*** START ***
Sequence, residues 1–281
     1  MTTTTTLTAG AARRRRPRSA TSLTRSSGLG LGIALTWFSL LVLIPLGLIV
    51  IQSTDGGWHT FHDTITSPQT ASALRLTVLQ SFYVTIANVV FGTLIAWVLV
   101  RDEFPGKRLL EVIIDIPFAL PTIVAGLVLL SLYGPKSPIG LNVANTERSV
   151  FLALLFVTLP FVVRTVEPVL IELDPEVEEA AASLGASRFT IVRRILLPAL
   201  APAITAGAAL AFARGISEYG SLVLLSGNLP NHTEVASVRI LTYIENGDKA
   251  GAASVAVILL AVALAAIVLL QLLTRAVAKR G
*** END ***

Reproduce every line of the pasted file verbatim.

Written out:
Sequence, residues 1–281
     1  MTTTTTLTAG AARRRRPRSA TSLTRSSGLG LGIALTWFSL LVLIPLGLIV
    51  IQSTDGGWHT FHDTITSPQT ASALRLTVLQ SFYVTIANVV FGTLIAWVLV
   101  RDEFPGKRLL EVIIDIPFAL PTIVAGLVLL SLYGPKSPIG LNVANTERSV
   151  FLALLFVTLP FVVRTVEPVL IELDPEVEEA AASLGASRFT IVRRILLPAL
   201  APAITAGAAL AFARGISEYG SLVLLSGNLP NHTEVASVRI LTYIENGDKA
   251  GAASVAVILL AVALAAIVLL QLLTRAVAKR G